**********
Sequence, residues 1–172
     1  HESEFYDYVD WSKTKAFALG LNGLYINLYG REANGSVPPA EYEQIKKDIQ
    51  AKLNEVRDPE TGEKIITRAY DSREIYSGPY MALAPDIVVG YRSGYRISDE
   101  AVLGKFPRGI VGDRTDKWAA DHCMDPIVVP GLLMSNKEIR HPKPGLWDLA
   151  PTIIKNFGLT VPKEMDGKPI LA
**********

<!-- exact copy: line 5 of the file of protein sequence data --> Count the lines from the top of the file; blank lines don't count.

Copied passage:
   151  PTIIKNFGLT VPKEMDGKPI LA